This summer was about getting an internship. I knew I needed something substantial to put on my resume, and there was just no question that I needed the work experience. But finding an internship is much easier said than done—especially when there are so many post-graduates competing with me for the same openings. It’s intimidating to say the least. So when I learned of the William and Mary DC Summer Institutes program, I jumped at the chance. Washington, DC is close to home, and I had heard good things from those I knew who participated in the institutes before. But even after I submitted my application, interviewed, and was accepted, I had no idea what I was getting myself into.
From the very minute I walked into the informational meeting, the W&M Washington office staff went above and beyond to help me with my internship search. From helping me write my very first resume to connecting with W&M alumni for interviews, the DC staff was there to offer advice and calming words. When I was rejected from a job after a very encouraging interview, Kelly, the Program Assistant, called the company to get feedback so I could see why they went with another candidate. I was then able to take that advice and apply it to my next interview—something that very few students are able to do. Even when I was convinced no one would ever hire me, Roxane, the Assistant Director of the program, spoke with me for a half hour just reassuring me I would end up at a fantastic internship. I felt the strength of a whole team at my back, something I never expected to have for my first job search. In the end, they were right—after following their expert advice, I ended up at the internship of my dreams at the National Geographic Society.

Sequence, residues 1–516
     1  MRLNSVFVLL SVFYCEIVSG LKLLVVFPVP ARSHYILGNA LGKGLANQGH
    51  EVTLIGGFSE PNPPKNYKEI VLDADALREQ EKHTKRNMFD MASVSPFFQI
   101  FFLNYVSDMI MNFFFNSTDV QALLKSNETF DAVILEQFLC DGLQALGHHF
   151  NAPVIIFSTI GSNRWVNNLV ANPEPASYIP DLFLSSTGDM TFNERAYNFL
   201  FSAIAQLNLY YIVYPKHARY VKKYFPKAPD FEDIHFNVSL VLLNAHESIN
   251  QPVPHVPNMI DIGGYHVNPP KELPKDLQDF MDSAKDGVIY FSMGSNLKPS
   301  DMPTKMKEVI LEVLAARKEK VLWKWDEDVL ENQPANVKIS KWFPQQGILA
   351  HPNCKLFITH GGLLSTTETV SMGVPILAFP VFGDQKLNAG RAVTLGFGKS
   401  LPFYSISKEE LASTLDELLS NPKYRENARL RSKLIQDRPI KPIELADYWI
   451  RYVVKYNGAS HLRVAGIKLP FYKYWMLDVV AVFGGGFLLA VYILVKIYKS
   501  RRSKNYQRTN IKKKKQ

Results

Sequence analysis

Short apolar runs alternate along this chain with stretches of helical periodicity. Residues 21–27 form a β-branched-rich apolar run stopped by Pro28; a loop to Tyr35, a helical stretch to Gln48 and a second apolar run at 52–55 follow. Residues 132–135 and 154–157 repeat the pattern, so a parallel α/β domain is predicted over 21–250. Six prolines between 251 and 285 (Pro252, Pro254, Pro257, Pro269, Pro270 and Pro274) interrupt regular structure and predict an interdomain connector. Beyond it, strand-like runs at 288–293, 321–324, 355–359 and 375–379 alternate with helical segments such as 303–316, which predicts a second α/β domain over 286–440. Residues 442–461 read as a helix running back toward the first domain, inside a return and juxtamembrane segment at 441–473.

Even now, almost a week into the program, the people here continue to amaze me. After a comprehensive introduction to living in DC from Kelly, Roxane, and the rest of the staff, the students split up into our various institutes—New Media, National Security and Community Engagement. I was able to finally get to know the other New Media fellows and our instructor, Professor Ann Marie Stock. As we went around the room introducing ourselves, it was immediately clear I was surrounded by an incredible group of people. Between the 12 students, there are a number of very competitive internships at high profile organizations such as NBC, Discovery Communications and the National Endowment of the Arts. There are Film Studies majors, Math majors, English majors, and more. Our diverse backgrounds bring unique perspectives to the changing field of new media, which leads to eye-opening discussions. Although we share a passion for culture, our excitement is fostered by Professor Stock. She is without doubt one of the most encouraging and dynamic professors I’ve ever encountered. Our class time consists of discussions rather than lectures, which encourages each of us to think outside of our comfort zones and learn from each other. Because of these discussions, I’ve learned more about my classmates in just four days than I learned about others after an entire semester. Professor Stock’s enthusiasm is infectious, and the class time seems to just fly by (which is definitely saying something, since we’re in class for six hours a day).
This summer was about getting an internship. But my internship hasn’t even started and I already consider this one of the most rewarding experiences of my college career so far. Between the DC office, Professor Stock, and my fellow classmates, I have found a diverse and inspiring support system that I will keep long after my time in DC is over. And with only a week under my belt, I can’t wait to see what the rest of the summer with this new found family has in store.